11. Crittenden County (11-20)The Rockets return four starters from a squad that fell in the first round of the district tournament last year. Ethan Hill (6-0, Sr, 5.8 ppg.) and Aaron Owen (5-8, Jr., 9.8 ppg.) lead the backcourt, while blue collar workers Devin Clark (6-3, Sr., 8.2 ppg., 10.1 reb.) and Bobby Knox (6-2, Sr., 7.5 ppg., 6.3 reb.) anchor the inside.Travis Gilbert (5-8, Jr.) and Noah Dickerson (5-11, Soph.) saw considerable action last year and will have a chance to crack the starting lineup this year. If the Rockets develop some depth, they could make a surprise run in the district.

12. Livingston Central (21-11)
Kyle Yates moves up to take over the head coaching job, replacing Rex Booth, who left after one season (and a district title) to become an assistant coach at Trigg County. Yates will try to build around sophomore Austin Woodward, but will have to replace most of the team’s size and scoring that was lost to graduation.

13. Webster County (20-11)
The Trojans ended Henderson County’s 11-year rein as Sixth District champions and won the school’s first district title since 1986 for first-year head coach Jon Newton.However, Newton must replace all but two-percent of his team’s production from last year.“When I say 98-percent of our production, I'm just not talking about scoring,” Newton said of what was lost to graduation. “I'm including every statistical category that you can track. With that being said, I really like this year's team. We are young, small, and inexperienced, but I really feel as the season goes on we will get better.”6-4 senior Dan Boswell and 6-1 senior Logan Prow saw the most varsity time last year and will be the leaders Newton turns to this year. Sophomores Mason Rolan and Max McMain will also see some time this year.

14. Fort Campbell (5-21)
At Fort Campbell, military transfers mean they never know who is going to be on the floor from one year to the next. And, as of last week, the Falcons still had not named a head coach. Sophomore Jonathon Jethroe and Junior Isaiah Washington both saw considerable playing time last year.

15. Dawson Springs (5-25)
The Panthers could challenge the .500 mark if they can stay healthy and develop some depth. If they don’t, it could be another five-win season.Senior Colton Chapple and senior Reed Smiley both return for the Panthers.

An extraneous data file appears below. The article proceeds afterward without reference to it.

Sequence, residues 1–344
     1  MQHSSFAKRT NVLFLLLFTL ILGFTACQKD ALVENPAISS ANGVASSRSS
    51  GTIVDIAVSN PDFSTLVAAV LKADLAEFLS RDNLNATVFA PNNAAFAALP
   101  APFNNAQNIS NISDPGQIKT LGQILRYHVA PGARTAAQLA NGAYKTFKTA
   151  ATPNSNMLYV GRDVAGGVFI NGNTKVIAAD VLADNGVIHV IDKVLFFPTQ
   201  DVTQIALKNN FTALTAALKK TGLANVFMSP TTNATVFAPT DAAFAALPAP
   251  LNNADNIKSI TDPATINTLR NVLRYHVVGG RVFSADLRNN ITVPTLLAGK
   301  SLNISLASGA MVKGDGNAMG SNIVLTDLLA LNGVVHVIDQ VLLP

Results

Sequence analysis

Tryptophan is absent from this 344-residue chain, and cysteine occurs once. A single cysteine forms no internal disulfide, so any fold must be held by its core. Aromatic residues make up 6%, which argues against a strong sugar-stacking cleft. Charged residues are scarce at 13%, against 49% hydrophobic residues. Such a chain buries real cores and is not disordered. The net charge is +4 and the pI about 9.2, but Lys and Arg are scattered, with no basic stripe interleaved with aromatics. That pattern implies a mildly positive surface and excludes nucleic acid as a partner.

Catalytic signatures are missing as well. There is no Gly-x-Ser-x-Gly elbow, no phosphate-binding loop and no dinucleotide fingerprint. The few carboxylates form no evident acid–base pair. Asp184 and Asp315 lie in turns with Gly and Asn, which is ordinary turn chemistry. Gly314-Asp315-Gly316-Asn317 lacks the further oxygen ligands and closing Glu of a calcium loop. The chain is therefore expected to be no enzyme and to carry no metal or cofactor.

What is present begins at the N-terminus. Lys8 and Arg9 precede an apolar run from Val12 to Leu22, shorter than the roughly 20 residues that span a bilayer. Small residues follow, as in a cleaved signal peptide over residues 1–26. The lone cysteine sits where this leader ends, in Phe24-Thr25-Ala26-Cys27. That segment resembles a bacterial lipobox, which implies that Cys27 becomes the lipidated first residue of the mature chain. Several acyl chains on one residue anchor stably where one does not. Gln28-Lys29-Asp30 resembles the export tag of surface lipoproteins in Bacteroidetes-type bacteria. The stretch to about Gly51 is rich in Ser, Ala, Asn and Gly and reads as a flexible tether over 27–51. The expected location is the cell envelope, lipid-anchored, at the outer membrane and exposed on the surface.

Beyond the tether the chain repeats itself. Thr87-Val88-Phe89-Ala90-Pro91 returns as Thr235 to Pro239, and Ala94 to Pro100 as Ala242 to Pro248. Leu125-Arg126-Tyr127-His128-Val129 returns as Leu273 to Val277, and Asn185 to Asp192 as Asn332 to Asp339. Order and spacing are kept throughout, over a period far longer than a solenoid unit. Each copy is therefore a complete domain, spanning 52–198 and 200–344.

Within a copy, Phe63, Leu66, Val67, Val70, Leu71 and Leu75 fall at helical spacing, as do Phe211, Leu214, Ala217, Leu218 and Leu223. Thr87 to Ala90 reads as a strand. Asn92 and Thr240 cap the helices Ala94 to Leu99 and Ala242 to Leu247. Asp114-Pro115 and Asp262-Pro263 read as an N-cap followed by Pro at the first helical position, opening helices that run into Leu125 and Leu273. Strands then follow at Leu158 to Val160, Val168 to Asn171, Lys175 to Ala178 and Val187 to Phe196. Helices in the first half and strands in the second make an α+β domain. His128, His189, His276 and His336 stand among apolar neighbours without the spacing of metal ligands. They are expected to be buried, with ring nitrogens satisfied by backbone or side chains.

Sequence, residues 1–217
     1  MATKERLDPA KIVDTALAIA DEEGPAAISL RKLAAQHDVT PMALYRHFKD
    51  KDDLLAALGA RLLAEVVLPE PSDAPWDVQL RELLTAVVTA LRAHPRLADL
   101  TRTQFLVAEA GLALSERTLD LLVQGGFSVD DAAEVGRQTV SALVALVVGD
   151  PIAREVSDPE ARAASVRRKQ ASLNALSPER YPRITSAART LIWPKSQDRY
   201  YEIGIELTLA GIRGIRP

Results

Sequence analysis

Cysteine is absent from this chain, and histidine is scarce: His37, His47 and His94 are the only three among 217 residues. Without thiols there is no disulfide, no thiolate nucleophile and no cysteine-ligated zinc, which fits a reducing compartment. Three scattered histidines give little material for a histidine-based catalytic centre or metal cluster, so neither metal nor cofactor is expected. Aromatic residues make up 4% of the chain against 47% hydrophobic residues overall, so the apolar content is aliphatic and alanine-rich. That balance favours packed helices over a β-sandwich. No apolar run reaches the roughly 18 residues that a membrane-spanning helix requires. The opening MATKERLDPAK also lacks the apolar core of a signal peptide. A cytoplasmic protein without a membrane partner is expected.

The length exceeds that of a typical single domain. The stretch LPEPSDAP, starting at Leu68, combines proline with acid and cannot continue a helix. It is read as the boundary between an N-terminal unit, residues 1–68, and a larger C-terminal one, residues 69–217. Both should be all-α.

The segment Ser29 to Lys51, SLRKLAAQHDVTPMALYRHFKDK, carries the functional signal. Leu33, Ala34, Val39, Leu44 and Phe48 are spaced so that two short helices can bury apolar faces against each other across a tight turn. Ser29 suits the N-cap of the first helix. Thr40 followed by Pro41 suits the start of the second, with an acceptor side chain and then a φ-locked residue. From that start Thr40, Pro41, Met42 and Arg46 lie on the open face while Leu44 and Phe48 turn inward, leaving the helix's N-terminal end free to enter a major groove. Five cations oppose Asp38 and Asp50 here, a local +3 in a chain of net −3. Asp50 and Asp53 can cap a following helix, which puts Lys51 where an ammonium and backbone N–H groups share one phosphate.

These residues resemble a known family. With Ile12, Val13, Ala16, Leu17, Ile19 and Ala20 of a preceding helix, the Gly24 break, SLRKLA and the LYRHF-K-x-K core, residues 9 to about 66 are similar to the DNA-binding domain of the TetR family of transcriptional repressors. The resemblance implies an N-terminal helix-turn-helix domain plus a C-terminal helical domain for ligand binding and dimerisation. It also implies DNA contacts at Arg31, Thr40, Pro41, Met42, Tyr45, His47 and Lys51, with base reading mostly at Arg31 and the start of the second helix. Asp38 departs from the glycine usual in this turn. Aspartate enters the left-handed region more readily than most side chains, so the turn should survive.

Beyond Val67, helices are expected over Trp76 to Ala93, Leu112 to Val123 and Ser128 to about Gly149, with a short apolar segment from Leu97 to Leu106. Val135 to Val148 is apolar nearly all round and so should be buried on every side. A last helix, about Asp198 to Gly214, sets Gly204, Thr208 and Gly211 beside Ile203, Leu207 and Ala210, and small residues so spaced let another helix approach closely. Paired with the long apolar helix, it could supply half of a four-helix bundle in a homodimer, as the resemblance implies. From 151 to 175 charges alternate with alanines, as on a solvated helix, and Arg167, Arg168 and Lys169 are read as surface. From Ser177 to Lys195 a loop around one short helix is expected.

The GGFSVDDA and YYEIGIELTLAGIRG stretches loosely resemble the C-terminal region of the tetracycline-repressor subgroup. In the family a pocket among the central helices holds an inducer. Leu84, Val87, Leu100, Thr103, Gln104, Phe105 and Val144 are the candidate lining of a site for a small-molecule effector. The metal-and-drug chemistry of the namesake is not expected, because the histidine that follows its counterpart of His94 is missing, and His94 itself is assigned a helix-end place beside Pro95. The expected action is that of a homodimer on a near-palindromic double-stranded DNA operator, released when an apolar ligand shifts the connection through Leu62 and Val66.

Top Players in the 2nd Region

1. Jordan Majors 6'3", Sr. (Hopkinsville) – He can take over the game in transition and on defense. Opposing coaches will line up to send him graduation cards when the season is over.

2. Jaqualis Matlock 6'4", Soph. (Hopkinsville) – Matlock’s game should really take off this year with Majors running the point again. Tough to guard down low.

3. Deonquez Nance 5'9", Sr. (Trigg County) – May be one of the quickest guards in the region. His outside shot is an underrated part of his game.

4. Elijah Sindelar 6'4", Soph. (Caldwell County) – Can play any position on the floor. He and Matlock may be the two toughest players to guard in the region.

5. C.J. Cotton 6'0", Sr. (Christian County) – Cotton’s game should flourish in the up-tempo style of new head coach Josh Smith.

6. Jarvis Irby 5'11", Sr. (Christian County) – If he cuts down on his turnovers, he could become the best point guard in the district. Underrated shooter.

7. Kaleb Duckworth 6'3", Jr. (Henderson County) – Region coaches expect him to have a breakout year for new coach Tyler Smithhart.

8. Daylyn Jones 5'10", Sr. (Madisonville) – He will be counted on as the playmaker for new coach Matt Beshear.

9. Zack Chaykowsky 6'1", Jr. (Union County) – Prototypical coach’s son – Can shoot, play defense, and is hard-nosed.

10. Bobby Staples 6'0", Sr. (Lyon County) – One of the best defenders in the region.

Returning Coaches’ Record at School

Mike Wright (Trigg County) - 201-210 (15 years)
Jeff Embrey (Lyon County) - 89-56 (5 years)
Tim Haworth (Hopkinsville) - 48-10 (2 years)
Mike Hensley (Union County) - 24-33 (2 years)
Jon Newton (Webster County) - 20-11 (1 year)
Toby Miles (Hopkins County Central) - 17-44 (2 years)
Denis Hodge (Crittenden County) - 11-20 (1 year)
Jeff Miller (Dawson Springs) - 11-46 (2 years)

Ten Year Record for Second Region Schools (2003-12)

1. Henderson County - .702 (203-86)
2. Hopkinsville - .659 (192-99)
3. University Heights - .630 (184-108)
4. Christian County - .613 (184-116)
5. Madisonville - .611 (176-112)
6. Trigg County - .581 (167-120)
7. Webster County - .569 (155-117)
8. Lyon County - .473 (130-145)
9. Livingston Central - .440 (114-145)
10. Union County - .437 (118-152)
11. Hopkins County Central - .436 (126-163)
12. Crittenden County - .415 (105-148)
13. Caldwell County - .382 (100-162)
14. Fort Campbell - .323 (78-163)
15. Dawson Springs - .237 (60-193)